The Global News and CKNW Health Series will be tackling the issues of sleep and stress. Today’s topic, snoring.
It turns out snoring can damage more than your relationship, it can also take a toll on your health. But how can you tell?
“If it’s just mild it’s probably not as bad, and obviously if it’s really, really loud then that shows your body is fighting harder to get that air through a restricted passage,” said Paul Sweeney, founder of Coastal Sleep Apnea Clinics and a respiratory therapist.
He said snoring occurs when the tongue falls on the back of the throat and when the uvula, which helps prevent food from going up our nose, relaxes and falls down on itself.
Sweeney says the main thing to look out for is whether or not there are long pauses between snores.
“Those sort of variable periods where it could be sleep apnea,” which Sweeney says can be a cause for concern.
According to Sweeney, these periods in between snores could be a sign of blocked airways. Blockages that last more than 10 seconds can lead to a drop of oxygen levels in the blood.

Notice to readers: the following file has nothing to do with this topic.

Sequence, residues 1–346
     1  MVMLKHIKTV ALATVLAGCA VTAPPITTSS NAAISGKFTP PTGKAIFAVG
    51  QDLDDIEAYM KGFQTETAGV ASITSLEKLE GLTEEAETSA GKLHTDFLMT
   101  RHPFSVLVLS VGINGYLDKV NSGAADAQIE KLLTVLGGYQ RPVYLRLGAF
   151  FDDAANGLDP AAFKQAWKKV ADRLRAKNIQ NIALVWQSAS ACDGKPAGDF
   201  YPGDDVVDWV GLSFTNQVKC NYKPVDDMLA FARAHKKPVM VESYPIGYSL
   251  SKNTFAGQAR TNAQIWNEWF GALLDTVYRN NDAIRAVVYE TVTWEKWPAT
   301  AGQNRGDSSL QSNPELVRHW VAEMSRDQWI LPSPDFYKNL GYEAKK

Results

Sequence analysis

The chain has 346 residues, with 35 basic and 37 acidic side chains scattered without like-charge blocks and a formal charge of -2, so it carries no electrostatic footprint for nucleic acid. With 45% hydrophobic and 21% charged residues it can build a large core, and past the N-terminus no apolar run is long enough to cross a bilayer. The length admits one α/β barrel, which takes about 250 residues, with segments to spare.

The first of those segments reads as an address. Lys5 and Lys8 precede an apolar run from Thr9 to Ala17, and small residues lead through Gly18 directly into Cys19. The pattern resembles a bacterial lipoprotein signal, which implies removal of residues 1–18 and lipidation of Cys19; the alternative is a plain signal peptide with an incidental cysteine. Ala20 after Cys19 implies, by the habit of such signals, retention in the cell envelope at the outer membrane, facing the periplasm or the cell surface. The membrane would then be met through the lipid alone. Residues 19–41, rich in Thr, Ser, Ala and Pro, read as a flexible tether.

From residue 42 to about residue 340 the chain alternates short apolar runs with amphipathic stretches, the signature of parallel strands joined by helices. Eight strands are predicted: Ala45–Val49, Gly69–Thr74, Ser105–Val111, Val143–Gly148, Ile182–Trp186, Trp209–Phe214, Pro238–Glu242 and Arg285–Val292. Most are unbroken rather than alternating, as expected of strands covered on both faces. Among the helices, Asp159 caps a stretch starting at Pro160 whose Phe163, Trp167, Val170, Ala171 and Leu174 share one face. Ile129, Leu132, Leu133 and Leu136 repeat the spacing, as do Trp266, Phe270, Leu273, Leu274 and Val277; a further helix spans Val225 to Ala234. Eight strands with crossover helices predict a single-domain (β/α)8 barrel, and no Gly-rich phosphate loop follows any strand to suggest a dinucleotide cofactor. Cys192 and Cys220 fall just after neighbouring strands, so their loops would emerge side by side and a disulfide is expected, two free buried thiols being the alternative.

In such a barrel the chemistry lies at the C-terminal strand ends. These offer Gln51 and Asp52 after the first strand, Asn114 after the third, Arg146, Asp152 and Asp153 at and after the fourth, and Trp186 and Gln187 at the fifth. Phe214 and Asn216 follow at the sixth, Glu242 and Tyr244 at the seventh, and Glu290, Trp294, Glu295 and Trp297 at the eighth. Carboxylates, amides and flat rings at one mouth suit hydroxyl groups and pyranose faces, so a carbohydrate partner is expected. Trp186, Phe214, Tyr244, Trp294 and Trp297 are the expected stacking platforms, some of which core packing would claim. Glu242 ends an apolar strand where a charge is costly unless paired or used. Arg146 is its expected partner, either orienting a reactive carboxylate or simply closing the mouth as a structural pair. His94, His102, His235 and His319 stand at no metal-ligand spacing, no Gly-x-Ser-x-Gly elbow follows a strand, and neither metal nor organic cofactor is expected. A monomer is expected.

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“It’s challenging on your cardiovascular system,” said Sweeney. “The long-term effects of low oxygen can cause cardiovascular effects down the road and even increase peoples risk for strokes and heart attacks.”
The best analogy, Sweeney says, is to think of your heart as a car engine. If a car needs to maintain a speed of 60km/h, a pause in breathing is like slowing the car down to 20km/h. When a person starts breathing again, it’s like the car accelerates to 100km/h within seconds.
So how do you treat it?
Sweeney says there are several options. People can try bumper belts, which prevent people from sleeping on their back. Tongue retainers and mouth guards are also an option.
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